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Wash. residents excited to watch inauguration

SEATTLE — An ornate former vaudeville house, the state Senate chamber, a college basketball court and parties in people’s homes drew uncounted thousands of Washington state residents to watch the inauguration of President Barack Obama.

Hundreds poured into the food court of Center House at the Seattle Center, starting at 8 a.m.

“It kind of makes me want to cry,” said Paula Rojo, a Seattle Center employee. “It’s historic, and maybe it’s everybody else’s emotions around me. Everyone seems so happy.”

Shanda Sciacqua drove about 30 miles to attend with her 8-month-old daughter, Camille, who wore a big Obama button on her pink jumper.

“We had to come in to be part of the celebration. I just wanted to feel all the energy,” Sciacqua said. “It’s an amazing thing for our country, the change that is happening … in human rights, the environment, the economy, education for all — the list can go on and on.”

Cheering as intense as on the Capitol Mall in Washington, D.C., rocked the plush Paramount Theater, filled to its 2,807-seat capacity as scores were turned away, when Obama took the oath of office and gave his inaugural address. Obama Cola, an orange pop made for occasion by Jones Soda, was a hot seller in the lobby at $5 a four-pack.

Madeline Moy of Seattle, a marketing manager for a nonprofit company, wheeled a stroller with her 14-month-old son Lucas through the lobby after Obama finished speaking.

“It was really important for me to bring Lucas because it’s going to have such an effect on his future,” Moy said.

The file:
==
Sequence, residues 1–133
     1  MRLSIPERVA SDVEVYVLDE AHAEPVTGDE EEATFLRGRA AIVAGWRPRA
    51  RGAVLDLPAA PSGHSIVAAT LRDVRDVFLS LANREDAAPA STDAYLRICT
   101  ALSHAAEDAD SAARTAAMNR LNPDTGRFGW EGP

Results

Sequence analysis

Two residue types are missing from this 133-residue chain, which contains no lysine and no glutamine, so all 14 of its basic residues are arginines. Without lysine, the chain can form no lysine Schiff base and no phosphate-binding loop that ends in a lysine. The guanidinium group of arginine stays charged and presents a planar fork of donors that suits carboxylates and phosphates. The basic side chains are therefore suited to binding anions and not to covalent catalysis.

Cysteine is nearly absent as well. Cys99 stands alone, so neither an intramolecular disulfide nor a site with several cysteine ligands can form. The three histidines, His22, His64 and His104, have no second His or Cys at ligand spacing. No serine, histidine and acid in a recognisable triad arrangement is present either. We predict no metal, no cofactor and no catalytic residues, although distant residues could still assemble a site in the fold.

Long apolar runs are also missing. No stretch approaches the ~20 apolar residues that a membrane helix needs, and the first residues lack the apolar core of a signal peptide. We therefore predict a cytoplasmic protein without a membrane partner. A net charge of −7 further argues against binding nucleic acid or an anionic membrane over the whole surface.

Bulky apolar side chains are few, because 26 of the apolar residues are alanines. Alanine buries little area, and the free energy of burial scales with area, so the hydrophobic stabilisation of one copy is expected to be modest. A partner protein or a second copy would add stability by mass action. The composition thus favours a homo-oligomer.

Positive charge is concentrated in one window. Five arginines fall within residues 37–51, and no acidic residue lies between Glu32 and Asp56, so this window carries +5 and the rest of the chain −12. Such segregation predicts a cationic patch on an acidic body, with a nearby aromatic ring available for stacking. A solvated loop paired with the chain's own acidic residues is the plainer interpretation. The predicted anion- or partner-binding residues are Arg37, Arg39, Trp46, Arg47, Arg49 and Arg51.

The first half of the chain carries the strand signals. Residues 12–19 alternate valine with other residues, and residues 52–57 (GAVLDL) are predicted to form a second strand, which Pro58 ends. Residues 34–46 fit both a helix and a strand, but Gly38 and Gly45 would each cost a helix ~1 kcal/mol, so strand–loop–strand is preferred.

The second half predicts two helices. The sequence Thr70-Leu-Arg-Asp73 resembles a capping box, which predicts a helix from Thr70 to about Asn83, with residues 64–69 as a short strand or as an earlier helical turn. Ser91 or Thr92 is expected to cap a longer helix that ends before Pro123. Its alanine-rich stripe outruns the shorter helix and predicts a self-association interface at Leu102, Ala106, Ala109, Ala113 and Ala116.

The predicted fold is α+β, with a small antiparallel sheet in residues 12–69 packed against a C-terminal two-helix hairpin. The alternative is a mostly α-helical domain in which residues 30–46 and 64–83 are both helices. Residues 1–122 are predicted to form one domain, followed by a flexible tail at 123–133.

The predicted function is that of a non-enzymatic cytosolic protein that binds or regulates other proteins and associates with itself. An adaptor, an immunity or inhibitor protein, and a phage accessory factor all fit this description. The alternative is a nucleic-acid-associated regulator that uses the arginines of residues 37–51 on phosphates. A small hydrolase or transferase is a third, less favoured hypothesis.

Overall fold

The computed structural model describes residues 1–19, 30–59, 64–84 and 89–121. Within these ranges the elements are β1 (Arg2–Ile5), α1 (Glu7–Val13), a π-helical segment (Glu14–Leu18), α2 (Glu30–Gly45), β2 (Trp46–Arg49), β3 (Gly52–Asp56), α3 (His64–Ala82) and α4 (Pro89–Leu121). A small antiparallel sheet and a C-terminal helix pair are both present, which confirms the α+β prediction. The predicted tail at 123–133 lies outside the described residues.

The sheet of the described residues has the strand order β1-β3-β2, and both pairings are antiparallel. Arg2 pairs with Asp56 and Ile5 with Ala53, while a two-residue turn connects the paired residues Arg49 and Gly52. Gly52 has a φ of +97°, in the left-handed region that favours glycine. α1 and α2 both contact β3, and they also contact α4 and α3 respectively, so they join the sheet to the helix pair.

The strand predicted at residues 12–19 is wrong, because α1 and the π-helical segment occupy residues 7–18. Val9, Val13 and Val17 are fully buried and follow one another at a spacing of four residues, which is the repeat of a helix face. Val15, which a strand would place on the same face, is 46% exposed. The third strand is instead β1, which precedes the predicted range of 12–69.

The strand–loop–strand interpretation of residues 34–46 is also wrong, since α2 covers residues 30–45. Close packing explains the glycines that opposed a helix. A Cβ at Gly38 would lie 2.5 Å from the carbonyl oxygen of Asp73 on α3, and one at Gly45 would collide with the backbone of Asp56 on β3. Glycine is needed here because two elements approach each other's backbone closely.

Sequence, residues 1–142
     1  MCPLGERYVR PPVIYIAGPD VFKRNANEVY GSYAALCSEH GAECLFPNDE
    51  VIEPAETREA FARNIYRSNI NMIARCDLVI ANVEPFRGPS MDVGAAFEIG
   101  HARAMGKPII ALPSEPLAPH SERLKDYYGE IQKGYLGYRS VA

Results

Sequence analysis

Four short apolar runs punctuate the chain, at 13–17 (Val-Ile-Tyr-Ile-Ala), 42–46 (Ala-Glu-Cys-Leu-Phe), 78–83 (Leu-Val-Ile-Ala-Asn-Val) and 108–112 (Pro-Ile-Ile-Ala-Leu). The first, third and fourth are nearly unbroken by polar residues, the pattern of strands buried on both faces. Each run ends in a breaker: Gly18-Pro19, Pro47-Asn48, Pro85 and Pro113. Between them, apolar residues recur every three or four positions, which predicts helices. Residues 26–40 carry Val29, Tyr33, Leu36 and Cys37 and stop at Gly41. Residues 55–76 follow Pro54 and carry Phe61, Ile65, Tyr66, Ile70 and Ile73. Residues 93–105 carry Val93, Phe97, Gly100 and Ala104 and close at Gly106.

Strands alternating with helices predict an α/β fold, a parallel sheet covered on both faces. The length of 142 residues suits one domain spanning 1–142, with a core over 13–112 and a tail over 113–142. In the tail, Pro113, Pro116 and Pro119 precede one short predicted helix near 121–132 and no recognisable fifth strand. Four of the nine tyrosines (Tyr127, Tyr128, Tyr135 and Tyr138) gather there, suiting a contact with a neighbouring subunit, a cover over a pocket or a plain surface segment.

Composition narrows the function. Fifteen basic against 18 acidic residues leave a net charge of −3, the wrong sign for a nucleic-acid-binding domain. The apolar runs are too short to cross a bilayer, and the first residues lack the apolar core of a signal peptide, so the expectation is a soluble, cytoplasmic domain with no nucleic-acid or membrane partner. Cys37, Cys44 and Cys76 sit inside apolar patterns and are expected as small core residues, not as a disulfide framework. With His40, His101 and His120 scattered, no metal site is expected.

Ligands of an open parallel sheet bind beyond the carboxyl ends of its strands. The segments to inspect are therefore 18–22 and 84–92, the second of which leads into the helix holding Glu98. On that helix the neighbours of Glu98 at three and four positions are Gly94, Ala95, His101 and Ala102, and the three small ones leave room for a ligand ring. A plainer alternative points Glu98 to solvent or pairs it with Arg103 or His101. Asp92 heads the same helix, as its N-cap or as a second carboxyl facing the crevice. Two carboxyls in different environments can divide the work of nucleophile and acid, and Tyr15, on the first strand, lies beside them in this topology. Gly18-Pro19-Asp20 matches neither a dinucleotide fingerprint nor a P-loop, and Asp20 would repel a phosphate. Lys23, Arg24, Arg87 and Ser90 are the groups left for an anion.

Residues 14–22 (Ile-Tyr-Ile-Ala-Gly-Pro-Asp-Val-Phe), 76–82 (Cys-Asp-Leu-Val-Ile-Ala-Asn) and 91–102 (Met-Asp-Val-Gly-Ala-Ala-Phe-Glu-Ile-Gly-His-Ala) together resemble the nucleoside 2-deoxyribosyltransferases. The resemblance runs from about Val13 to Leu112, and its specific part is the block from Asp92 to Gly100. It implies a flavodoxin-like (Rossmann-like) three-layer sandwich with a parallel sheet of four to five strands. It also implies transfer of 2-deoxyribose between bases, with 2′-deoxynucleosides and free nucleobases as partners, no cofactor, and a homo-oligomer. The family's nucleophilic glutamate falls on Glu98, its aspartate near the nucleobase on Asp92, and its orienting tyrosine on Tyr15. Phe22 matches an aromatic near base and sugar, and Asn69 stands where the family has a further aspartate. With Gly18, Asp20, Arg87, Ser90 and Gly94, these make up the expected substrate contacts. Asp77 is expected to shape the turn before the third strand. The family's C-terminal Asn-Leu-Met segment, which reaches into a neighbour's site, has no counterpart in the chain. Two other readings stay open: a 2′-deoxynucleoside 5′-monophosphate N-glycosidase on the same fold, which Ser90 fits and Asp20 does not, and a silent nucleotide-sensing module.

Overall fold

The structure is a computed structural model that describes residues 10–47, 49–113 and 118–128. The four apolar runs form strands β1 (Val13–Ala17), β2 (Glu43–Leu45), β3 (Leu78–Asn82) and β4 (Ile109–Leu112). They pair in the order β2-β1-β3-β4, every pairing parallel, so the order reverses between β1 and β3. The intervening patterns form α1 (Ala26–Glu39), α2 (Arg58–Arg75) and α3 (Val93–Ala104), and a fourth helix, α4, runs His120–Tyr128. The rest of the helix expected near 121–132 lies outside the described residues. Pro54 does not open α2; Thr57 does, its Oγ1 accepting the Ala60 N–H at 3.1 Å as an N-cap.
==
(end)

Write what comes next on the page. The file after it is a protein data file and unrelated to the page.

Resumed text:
“There was a lot of good energy,” said Christine Ditzler, a visiting student from Lehigh University in Bethlehem, Pa., after she watched from the balcony. “It was nice to be around a lot of people rather than watching it alone at home.”

Home but not alone was just the ticket for Richard Hart, who served breakfast, coffee and mimosas to about three dozen people at his house for the start of a daylong celebration in the north-central Washington town of Winthrop, and Patricia Santangelo, who greeted nearly 20 Skagit County Democrats for the first of a couple of potlucks in her house in Anacortes.

“We had party horns blowing, we had a lot of clapping and cheering. We also passed around the Kleenex,” Santangelo said.

She said home gatherings were the best option in Anacortes, about 60 miles north of Seattle, because “none of the big venues has cable — even the library.”

Hart, a historian who testifies as an expert witness in Native American litigation, said he considered attending the inauguration in Washington, D.C., where he spent last week conducting research at the National Archives.

“We finally decided we’d have just as much fun here,” he said.

Hart said most of his guests came from within about 20 miles, but a handful he had never met came from the west side of the state, a drive of more than 150 miles, after seeing his gathering listed on the MoveOn.org Web side and inquiring via e-mail.

There was little legislative activity at the Capitol in Olympia as about 40 senators, staffers and spectators watched the inaugural address on two large projector screens in the Senate chamber. Highlights drew applause but the mood was largely subdued and the Republican side was nearly empty.

“I always knew it would happen. I’m an optimistic person. If you don’t have hope and a vision it will never happen,” said Sen. Rosa Franklin, D-Tacoma, the Senate’s only African-American. “Now our country has really come to the realization at this point in time that issues like race are not relevant.”

At Washington State University in Pullman, many students watched the inauguration in class. The ceremony also was shown on the big screen in the Beasley Performing Arts Coliseum, where basketball teams play.

“Lots of students attended,” women’s basketball coach June Daugherty said.

“What a great day for our country,” Daugherty added. “I’m glad the student-athletes could watch.”



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